Friday, April 14, 2017

Thoughts on the SJGames 2016 Stakeholder Report

This week, SJGames released, of their own free will, a Stakeholder Report, which is not something that they have to do, but they do so out of the kindness of their hearts.  Several people in the GURPS Blogosphere have made comments on it:
So I thought I'd toss in my own two cents, express some concerns I've had, and tackle where I suspect we, as a community, need to go from here.

What's Wrong with SJGames?

So, this year's report is pretty gloomy.  It's the first time they've posted a loss in over a decade, and the second year in a row in which they're in decline.  So what's going on?

Well, I'm a GURPS man, and so most of my attention points in the direction of that game, and I can assure you that GURPS is most likely a rounding error compared to most of the rest of their business (No GURPS product made it onto the top 20 best selling products), so it might have anything to do with decreased market interest in Munchkin, or it might have to do with overspending on other projects, like Ogre.  So I don't know.  I think to really analyze it, you'd have to be in the heart of the company, and I think they're likely on top of things, because SJGames isn't run by fools.

But if I had to guess, and this does directly pertain to GURPS, it has something to do with this line that Mook highlighted in his own post.

Our Kickstarter project to create a GURPS introductory box set has run into more troubles and derailments than we would like. A game that was meant to go to the printer before the end of 2016 is still clogging our pipeline and causing constant distractions… At the moment, barring a miracle, what would have been a profitable project is rapidly turning into a loss.
Now, the Kickstarter was a huge success that nearly doubled the requisite goal, bringing in nearly $200,000.  Now, they're saying it might be a loss.  How can that be?

What I think this highlights is that fan dollars is not necessarily enough.  We often argue that we need to support the RPG, make sure that people buy it, etc, but over 1500 people threw their money at something  We did our part (Well, you guys, I never back kickstarter things because I don't have a credit card, but certainly enough people backed it!), so why didn't it take?

The problem here isn't on the fan's side, but something that should be laid squarely at SJGames' feet.  They couldn't make it work.  But why?  We've already established they're not idiots.  Again, something for them to look at internally, but if I had to guess, it's probably a few things.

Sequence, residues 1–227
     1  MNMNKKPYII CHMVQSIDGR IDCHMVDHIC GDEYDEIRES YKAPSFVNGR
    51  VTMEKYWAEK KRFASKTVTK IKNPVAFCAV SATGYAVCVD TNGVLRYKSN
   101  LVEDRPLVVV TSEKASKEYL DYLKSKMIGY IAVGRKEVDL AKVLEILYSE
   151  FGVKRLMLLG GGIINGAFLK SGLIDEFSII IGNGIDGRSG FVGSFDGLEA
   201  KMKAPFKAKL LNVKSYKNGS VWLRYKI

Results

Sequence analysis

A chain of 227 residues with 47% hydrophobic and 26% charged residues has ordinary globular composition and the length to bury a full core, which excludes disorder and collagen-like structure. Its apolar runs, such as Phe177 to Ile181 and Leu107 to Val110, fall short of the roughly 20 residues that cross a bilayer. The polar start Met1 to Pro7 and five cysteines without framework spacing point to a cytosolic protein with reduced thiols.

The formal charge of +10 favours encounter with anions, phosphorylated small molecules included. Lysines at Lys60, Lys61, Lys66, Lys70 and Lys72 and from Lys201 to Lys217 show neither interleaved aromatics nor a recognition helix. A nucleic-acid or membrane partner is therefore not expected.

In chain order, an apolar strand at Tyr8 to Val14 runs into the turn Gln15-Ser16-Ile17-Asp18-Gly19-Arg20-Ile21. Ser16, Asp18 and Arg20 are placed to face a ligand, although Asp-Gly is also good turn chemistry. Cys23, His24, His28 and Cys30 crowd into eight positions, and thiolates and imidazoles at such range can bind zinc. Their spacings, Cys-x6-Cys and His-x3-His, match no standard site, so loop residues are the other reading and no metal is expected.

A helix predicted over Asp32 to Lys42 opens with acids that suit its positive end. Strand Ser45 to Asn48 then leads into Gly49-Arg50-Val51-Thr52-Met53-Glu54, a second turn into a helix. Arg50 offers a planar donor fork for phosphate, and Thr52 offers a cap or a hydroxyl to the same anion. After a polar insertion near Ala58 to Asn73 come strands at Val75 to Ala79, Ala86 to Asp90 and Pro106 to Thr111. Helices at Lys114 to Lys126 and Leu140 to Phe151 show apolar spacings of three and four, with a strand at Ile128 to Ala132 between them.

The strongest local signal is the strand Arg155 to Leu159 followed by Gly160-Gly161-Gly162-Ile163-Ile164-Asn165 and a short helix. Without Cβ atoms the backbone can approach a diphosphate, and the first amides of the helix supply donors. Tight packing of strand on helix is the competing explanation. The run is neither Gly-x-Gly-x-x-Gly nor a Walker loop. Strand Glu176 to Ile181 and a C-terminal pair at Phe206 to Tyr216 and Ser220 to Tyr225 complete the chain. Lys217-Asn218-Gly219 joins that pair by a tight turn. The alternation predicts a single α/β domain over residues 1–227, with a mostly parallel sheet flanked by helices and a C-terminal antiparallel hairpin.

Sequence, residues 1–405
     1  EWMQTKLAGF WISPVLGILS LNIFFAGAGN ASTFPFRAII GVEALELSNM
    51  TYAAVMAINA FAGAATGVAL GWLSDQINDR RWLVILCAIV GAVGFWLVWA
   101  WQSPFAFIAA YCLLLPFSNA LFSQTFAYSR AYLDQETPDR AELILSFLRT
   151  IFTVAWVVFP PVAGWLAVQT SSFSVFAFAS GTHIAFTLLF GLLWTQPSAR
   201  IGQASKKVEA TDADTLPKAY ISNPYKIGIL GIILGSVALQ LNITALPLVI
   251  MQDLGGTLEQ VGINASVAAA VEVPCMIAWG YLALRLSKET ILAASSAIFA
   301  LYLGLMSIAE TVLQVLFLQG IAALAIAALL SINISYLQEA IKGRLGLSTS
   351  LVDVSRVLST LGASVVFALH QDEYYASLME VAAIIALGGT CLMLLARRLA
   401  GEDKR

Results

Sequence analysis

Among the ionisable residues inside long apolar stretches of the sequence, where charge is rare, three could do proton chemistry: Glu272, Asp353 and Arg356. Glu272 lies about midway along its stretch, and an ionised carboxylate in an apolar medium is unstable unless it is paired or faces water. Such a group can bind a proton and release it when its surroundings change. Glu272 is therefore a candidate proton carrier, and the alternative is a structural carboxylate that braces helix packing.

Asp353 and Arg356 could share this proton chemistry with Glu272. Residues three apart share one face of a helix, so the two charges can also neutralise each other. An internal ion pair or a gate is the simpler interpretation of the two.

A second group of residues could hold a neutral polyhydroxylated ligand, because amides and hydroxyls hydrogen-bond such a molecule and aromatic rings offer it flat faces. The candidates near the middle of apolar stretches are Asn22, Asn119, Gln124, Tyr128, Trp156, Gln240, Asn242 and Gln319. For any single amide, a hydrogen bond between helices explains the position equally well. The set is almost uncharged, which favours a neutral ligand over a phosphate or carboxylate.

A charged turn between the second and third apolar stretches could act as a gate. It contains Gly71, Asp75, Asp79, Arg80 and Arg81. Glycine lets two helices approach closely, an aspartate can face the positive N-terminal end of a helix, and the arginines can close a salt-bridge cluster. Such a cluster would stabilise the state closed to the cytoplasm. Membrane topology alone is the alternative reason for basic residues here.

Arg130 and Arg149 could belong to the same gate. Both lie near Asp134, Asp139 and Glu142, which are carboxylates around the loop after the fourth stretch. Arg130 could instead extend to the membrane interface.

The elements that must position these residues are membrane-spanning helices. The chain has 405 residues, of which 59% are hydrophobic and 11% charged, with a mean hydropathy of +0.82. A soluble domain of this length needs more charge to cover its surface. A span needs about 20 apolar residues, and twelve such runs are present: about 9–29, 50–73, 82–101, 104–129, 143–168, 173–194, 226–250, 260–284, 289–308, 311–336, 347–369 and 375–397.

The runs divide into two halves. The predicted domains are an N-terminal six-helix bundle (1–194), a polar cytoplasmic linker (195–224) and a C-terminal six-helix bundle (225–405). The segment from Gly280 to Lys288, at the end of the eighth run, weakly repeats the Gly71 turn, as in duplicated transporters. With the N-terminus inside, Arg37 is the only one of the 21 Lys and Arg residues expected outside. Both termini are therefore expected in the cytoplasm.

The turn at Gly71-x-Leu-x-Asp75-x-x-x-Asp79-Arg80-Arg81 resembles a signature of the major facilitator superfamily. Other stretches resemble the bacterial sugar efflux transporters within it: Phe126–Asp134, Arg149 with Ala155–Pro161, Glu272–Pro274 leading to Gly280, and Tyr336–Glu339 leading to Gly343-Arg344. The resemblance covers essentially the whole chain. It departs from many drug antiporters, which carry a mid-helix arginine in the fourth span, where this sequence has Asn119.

First, as highlighted by Kromm here,  there are less people working on RPG projects now than before (because, of course, nearly everything else SJGames does makes more money than GURPS), and Kromm, to me, sounds dangerously close to a burn-out, so you have less people working on a project with less energy that's as big as the early, heady days of GURPS.

The other problem noted was the failure of GURPS Discworld and GURPS Mars Attacks.  What do these have in common with the new GURPS DF?  They're all physical products.  Things seem to have changed a lot over the past 20 years when it comes to getting RPGs to print, and I suspect it's less profitable than ever.  This is not something just true of GURPS, but across the board.  We see more POD, more PDFs and more kickstarters, and less and less RPGs on bookshelves.  This is not a new phenomenon or one isolated to RPGs (I remember when I could go to a music store and buy CDs, DVDs and video games; there used to be three or four Free Record Shops in Eindhoven.  Now, there are zero, and even the big box stores have largely removed computer games and CDs, and DVDs seem harder to find).  SJGames almost certainly understands this, but what they're trying to do is find a way to navigate these choppy waters to bring a physical GURPS DF boxed product to life.  They're learning and trying to expand, and that's always a fraught adventure for a company.  They call it a loss.  Being an IT guy, I call it "learning expenses."

But there seems to be more going on here.  I can't help but notice that we've seen no new GURPS products, other than issues of Pyramid, this entire year, and a slow drop-off of cool GURPS stuff over the past few years.  We still don't have GURPS Vehicles (I'm often assured by insiders that it's "Right around the corner", but it's been "right around the corner" for over ten years now, so...), and we have no big projects on the horizon.  Is there cause, for me as a GURPS guy, for concern?

I think there is.

A World without GURPS

Alright, alright, we always have doomsayers about your favorite RPGs.  It's not that I think GURPS is going to die, but I want to look at what it might mean if GURPS stopped getting official support, either just for awhile (as it seems to have recently), or for a longer period of time.  The following is more of a worst-case hypothetical than any real prediction.

See, I've watched RPG companies go under before.  TSR died, so did White Wolf, and the guys who made Shadowrun or Traveller.  In fact, it turns out, the RPG business is pretty rotten and, if I'm honest, it's a little amazing that SJGames has held on for so long (I think they're one of the few from back in ye olden RPG days to still be kicking), and all of their RPGs survive. We still have D&D (and we even have a return of the old form of D&D with the OSR.  I mean, people still play AD&D), and Onyx Path picked up White Wolf, and you can get the latest versions of Shadowrun and Traveller over on DTRPG (you can even get the old versions).  So even if SJGames went belly up or refused to make more GURPS products (which isn't going to happen), chances are, you'd still be able to get GURPS.